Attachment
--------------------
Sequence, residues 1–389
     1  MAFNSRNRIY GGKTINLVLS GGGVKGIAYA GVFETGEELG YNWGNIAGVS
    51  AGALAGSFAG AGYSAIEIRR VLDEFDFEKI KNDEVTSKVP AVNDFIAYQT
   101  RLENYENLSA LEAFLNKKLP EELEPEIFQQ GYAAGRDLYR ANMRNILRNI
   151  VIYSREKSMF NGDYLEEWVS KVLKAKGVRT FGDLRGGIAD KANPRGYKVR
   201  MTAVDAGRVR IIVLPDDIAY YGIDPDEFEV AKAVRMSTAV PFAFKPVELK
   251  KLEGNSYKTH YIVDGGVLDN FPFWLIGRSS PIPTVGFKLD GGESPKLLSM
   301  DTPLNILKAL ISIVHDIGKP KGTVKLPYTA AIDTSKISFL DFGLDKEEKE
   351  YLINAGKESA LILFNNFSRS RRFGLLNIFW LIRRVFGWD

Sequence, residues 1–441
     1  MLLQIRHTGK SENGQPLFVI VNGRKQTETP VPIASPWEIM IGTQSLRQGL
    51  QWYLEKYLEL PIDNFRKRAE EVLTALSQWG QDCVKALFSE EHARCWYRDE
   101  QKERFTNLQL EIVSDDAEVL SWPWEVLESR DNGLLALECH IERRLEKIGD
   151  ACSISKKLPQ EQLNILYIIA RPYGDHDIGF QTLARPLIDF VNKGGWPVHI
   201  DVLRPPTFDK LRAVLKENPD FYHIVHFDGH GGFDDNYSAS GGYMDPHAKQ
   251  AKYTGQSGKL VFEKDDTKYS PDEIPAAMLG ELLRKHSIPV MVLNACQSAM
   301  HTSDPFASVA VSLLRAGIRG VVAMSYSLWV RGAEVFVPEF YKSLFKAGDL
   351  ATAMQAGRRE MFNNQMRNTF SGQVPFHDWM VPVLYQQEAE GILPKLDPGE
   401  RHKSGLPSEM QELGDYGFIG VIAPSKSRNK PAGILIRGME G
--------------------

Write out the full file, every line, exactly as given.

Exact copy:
Sequence, residues 1–389
     1  MAFNSRNRIY GGKTINLVLS GGGVKGIAYA GVFETGEELG YNWGNIAGVS
    51  AGALAGSFAG AGYSAIEIRR VLDEFDFEKI KNDEVTSKVP AVNDFIAYQT
   101  RLENYENLSA LEAFLNKKLP EELEPEIFQQ GYAAGRDLYR ANMRNILRNI
   151  VIYSREKSMF NGDYLEEWVS KVLKAKGVRT FGDLRGGIAD KANPRGYKVR
   201  MTAVDAGRVR IIVLPDDIAY YGIDPDEFEV AKAVRMSTAV PFAFKPVELK
   251  KLEGNSYKTH YIVDGGVLDN FPFWLIGRSS PIPTVGFKLD GGESPKLLSM
   301  DTPLNILKAL ISIVHDIGKP KGTVKLPYTA AIDTSKISFL DFGLDKEEKE
   351  YLINAGKESA LILFNNFSRS RRFGLLNIFW LIRRVFGWD

Sequence, residues 1–441
     1  MLLQIRHTGK SENGQPLFVI VNGRKQTETP VPIASPWEIM IGTQSLRQGL
    51  QWYLEKYLEL PIDNFRKRAE EVLTALSQWG QDCVKALFSE EHARCWYRDE
   101  QKERFTNLQL EIVSDDAEVL SWPWEVLESR DNGLLALECH IERRLEKIGD
   151  ACSISKKLPQ EQLNILYIIA RPYGDHDIGF QTLARPLIDF VNKGGWPVHI
   201  DVLRPPTFDK LRAVLKENPD FYHIVHFDGH GGFDDNYSAS GGYMDPHAKQ
   251  AKYTGQSGKL VFEKDDTKYS PDEIPAAMLG ELLRKHSIPV MVLNACQSAM
   301  HTSDPFASVA VSLLRAGIRG VVAMSYSLWV RGAEVFVPEF YKSLFKAGDL
   351  ATAMQAGRRE MFNNQMRNTF SGQVPFHDWM VPVLYQQEAE GILPKLDPGE
   401  RHKSGLPSEM QELGDYGFIG VIAPSKSRNK PAGILIRGME G